News | Feb. 26, 2019

Security Challenges of the New Colombian Administration

By David E. Spencer PRISM Vol. 8, No. 1



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Dr. David Spencer is an Associate Professor at the William J. Perry Center for Hemispheric Studies.

Colombia faces one of the most complex security situations in its recent history, as it is simultaneously confronted by four intertwined security challenges—increased drug production, increased organized crime, peace negotiation complications, and a volatile border with Venezuela—that have formed a perfect Gordian Knot. The new administration led by President Iván Duque must cut this knot to maintain the security advances made by its preceding administrations during the past two decades.

Drug trafficking reached new records in 2017; during this year coca crops were estimated to extend to 209,000 hectares, with 921 metric tons of cocaine production annually.1 By contrast, there were 136,000 hectares of coca producing around 500 metric tons of cocaine when the U.S. Congress deemed it enough of an emergency to implement Plan Colombia in 1999.2 Many of the peasants who had hoped to benefit from reconstruction and crop substitution programs have instead opted for the higher profits and greater market security of coca cultivation. The increased cocaine production has caused a corresponding explosion of organized crime and violence, to include the presence of Mexican cartels, strengthened criminal groups; National Liberation Army (ELN) guerrillas; and an increasing number of FARC (Revolutionary Armed Forces of Colombia) dissidents. Progress on peace accord implementation has been weak; resources have been inadequate, and implementation has been inefficient and poorly coordinated. Further destabilizing Colombia’s security situation, Venezuela’s political, economic and social crisis, threatens to spillover and derail Colombia’s peace process.

In many ways Duque’s election in June, was a referendum on the country’s unhappiness with the peace accord negotiated by his predecessor, Juan Manuel Santos, with the FARC guerrillas. Duque, representing the opposition coalition led by former president Alvaro Uribe, won a clear victory over former senator and Bogota mayor Gustavo Petro, 54 to 42 percent.3

However, the election also revealed how divided the country is over the peace agreement, not so much because of the voting percentages, but rather because of the significantly polarized platforms of the two leading candidates. One of the principle aspects that facilitated the enormous security gains of the pre-Santos, Uribe administration (2002–10) was the remarkable consensus that came together behind the President to prosecute the war against the FARC and ELN insurgencies, combat drug trafficking, and demobilize the so-called paramilitaries. An equally remarkable consensus developed in the United States among Democrats and Republicans in Congress that provided significant moral and material support to three successive Colombian presidents to combat drug trafficking and defeat terrorism through Plan Colombia. Disagreements over the peace negotiations with the FARC during the Santos administration shattered the consensus in Colombia. Surprisingly, the consensus in the United States has remained intact, but has grown fragile given the recent accelerated growth of coca crops and the fragility of the peace process. It may remain intact as the new Colombian administration’s positions are closely aligned to the United States’ concerns. However, these challenges may be greater than the time and resources allotted to President Duque. Reviewing these challenges in detail will help us understand what he is up against.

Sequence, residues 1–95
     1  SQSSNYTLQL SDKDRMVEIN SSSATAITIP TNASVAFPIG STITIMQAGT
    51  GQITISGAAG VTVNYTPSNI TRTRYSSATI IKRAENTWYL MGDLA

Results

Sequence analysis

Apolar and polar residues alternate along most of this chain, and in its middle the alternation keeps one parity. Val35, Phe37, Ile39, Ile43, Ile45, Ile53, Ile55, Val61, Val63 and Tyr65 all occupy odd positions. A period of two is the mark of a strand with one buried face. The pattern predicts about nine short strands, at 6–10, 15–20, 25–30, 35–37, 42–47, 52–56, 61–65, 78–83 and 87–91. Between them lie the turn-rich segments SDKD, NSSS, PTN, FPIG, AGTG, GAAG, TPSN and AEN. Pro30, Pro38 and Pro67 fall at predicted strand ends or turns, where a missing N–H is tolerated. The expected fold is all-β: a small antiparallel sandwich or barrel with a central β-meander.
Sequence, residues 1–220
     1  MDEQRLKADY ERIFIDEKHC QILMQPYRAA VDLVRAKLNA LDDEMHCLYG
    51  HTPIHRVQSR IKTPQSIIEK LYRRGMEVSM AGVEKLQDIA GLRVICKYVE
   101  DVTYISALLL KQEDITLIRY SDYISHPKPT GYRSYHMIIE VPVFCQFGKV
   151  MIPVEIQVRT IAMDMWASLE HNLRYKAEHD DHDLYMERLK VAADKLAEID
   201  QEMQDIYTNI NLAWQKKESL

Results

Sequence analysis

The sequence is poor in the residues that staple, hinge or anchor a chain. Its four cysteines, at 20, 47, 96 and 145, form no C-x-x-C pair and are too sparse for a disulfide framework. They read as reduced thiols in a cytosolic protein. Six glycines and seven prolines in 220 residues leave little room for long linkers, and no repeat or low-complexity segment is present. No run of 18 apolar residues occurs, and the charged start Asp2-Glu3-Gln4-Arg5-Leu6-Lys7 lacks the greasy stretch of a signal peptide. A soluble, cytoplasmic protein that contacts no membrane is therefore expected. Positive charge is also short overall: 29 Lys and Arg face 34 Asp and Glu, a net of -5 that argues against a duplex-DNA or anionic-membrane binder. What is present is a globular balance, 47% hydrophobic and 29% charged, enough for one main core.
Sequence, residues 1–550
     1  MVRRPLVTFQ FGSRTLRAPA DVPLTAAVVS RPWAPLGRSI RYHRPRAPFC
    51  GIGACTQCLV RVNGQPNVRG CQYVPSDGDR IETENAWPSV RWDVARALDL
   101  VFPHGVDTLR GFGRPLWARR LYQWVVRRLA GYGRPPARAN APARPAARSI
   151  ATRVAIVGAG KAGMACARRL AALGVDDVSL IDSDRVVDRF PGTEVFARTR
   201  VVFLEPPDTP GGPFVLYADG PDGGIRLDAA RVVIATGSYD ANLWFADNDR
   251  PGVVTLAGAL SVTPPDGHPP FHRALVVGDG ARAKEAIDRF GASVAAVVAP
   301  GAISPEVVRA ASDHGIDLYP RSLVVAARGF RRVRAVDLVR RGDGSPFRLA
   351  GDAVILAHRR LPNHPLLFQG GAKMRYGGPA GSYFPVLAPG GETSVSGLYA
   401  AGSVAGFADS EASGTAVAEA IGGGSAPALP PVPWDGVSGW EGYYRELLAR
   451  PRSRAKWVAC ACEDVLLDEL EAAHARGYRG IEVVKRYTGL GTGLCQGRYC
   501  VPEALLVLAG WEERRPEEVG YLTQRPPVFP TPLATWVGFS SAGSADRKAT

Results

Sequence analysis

Increased Drug Production

Coca crop reduction is a top priority for the Duque administration. The 2016 peace accords agreed to end aerial spraying and replace it with crop substitution and voluntary eradication, with which the FARC had agreed to help. Experimentation with crop substitution in Catatumbo and Putumayo began in 2013 but did not go well. Coca crops expanded and money spent on the substitution programs failed to produce demonstrable results. Nevertheless, nationwide crop spraying effectively ended in the last quarter of 2015 as a demonstration of good faith by the government to FARC, but crop substitution and voluntary eradication did not start up until the end of 2016. As a result, coca crops shot up from around 78,000 hectares in 2012 to 209,000 hectares in 2017.4

Substitution and manual eradication simply have not been able to keep up with the explosion of coca cultivation. So far, the estimated 83,000 families that have signed up for the substitution program only control an estimated 49,000 hectares of coca, or 23 percent of Colombia’s 2017 coca crop. As of August, first payments had been made to some of the families, and more than 26,000 (56 percent) hectares of a planned 50,000 for 2017 had been voluntarily eradicated and verified by the UN (12.4 percent of all of Colombia’s 2017 coca estimate).5 Coca eradication goals for 2017 were 100,000 hectares of coca (50,000 via voluntary eradication and 50,000 via forced eradication). Last year the goal was 110,000 hectares of coca (40,000 voluntary and 70,000 forced). By the end of June, the combined results from 2017 and 2018 reported by the government were the forced eradication of 70,000 (58 percent of goals) and 26,000 voluntarily eradicated hectares (29 percent of overall target). Between voluntary and forced eradication they have reached just under 46 percent of their combined 2017/18 goals.6 What is clear, is that the efforts of the past two years are simply not keeping up with replanting as the overall crop figures continue to grow despite eradication. From 2016–17 they grew by 11 percent.7